Benjamin does not employ “the notion of collective consciousness . . . to divert attention from true objectivity and its correlate, alienated subjectivity” ... Rather, he devises it to propose a link between base and superstructure going beyond either linear or dialectical causality as well as to differentiate the appearance of the superstructure from its material workings. Benjamin seeks to use this notion to explain how the forces of the superstructure can have an obscured effect beyond the phenomenal forms in which they appear. In addition, he opens up the possibility for therapeutic formulations of social intervention. (46)
She discusses the concept of “construction” in Freud, whether analyst reconstructs from the pieces of the past, or constructs anew, is left ambiguous.
The gauge of the accuracy of the new construction is not only its faithfulness to what has been forgotten but also its therapeutic effectiveness in the present; Freud simultaneously stresses that this gauge is far from confirming that the construction ever existed as such. (47)
B in turn distinguishes “critical construction” from “reconstruction” and from historical processes/dialectics; the wish image or utopia is in a non-place. Adorno seeks to remove/dissolve ambiguity, to uncover objective processes; B seeks to use it. C however thinks “ambiguity” is a weak term and a “strategic error” on B’s part, preferring Althusser’s “overdetermination,” which she seems to argue is the concept that B is grasping for. (Which A further is distinguishing from Hegelian dialectics, something B does not do?)
B’s method and use of psychoanalysis, though, is meant to allow for “graphicness” (Anschaulichkeit) which is lacking in regular Marxist method; he will bring in montage to achieve this. B’s model is incomplete; the question of the relation between collective and individual consciousness remains, as well as relationship between phantasmagoria and base.
She turns to Benjamin’s use of the metaphor of “awakening:”
I want here to ask only one last question: How does our awakening from the world of our parents relate to our own implication in a collective dream? More specifically, given Benjamin's libidinal notion of critique, why does he describe the critical moment with a vocabulary of awakening at all? (52)
This seems problematic because the language of “awakening” sounds more like Adorno’s Enlightenment approach, re “awakening” from the illusion of superstructure to objective awareness. Surely B does not mean this? C argues that B uses the term “awakening” for two reasons: 1) due to the influence of surrealism, which will be explored in future chapters; 2) simply because “awakening” is the natural discursive opposite of “dream,” which B has already committed to. Nevertheless he does mean it as the simple opposite of dreaming or sleep.
Benjamin focuses specifically on the language of dream in this endeavor in part because it seems to provide an elegant pivot from materialism to psychoanalysis. This language, central to psychoanalysis, is also one that Marx employs from time to time. (53)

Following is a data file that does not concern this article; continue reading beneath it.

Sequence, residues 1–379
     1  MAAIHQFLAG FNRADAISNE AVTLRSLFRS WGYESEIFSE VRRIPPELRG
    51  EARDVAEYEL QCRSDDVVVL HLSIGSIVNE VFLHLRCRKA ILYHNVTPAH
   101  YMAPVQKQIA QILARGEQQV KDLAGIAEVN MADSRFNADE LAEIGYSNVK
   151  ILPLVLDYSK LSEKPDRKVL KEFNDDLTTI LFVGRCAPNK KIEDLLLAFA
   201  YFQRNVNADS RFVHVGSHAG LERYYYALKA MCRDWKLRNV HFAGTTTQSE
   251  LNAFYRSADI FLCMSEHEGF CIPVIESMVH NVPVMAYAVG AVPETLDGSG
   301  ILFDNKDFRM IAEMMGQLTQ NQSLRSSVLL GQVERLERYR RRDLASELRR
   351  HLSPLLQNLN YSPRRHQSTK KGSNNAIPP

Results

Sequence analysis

[Unfortunately Cohen’s book is just too early to have been able to engage with Derrida’s Specters of Marx.]
The Freudian account of dream, which B is drawing on, is more complex than the Enlightenment account, and “loaded with affect and ... the ambivalence of desire and fear” (53). For B, “awakening is not waking but rather a moment that, in its access to repressed processes, must be conceived of as close to the form of experience that reigns in the world of dream” (54) B “deconstructs” the relationship between sleep and waking, seeing rather “an infinite variety of concrete states of consciousness, that are conditioned by all conceivable gradations of awakened-hood in all possible centers (B, quoted on p 54).
B abandons dream terminology in the 1939 exposé, instead using the concepts of phantasmagoria and shock, “the moment making the overdetermination regulating social processes accessible to the individual subject.”
Can it be that awakening is the synthesis whose thesis is dream consciousness and whose antithesis is waking consciousness? Then the moment of awakening would be identical with the ‘Now of recognizability’ in which things put on their true-surrealist-face (B, quoted on p. 55)
To summarize: Benjamin breaks with established Marxist views of his time by complicating the base-superstructure relationship in a way that Adorno misconstrues as idealist; B is, however, actually pursing this relation in a way informed by psychoanalysis, similar to what Althusser later does as well. (Which is why Cohen argues we can use concepts from Althusser to elucidate Benjamin). The concept of “awakening,” is not a simple opposite of dreaming, a waking-into-the-real-world a la the simplistic Enlightenment opposition as used by Adorno; it is rather a dialectic, moving from the “waking” world of the establishment, through the dream world of wishes for a revolutionary future as imaged through the past, to a new “awakening” which is similar to Freud’s “construction,” which is not necessarily a reconstruction of the actual past but more importantly, has therapeutic power in the present.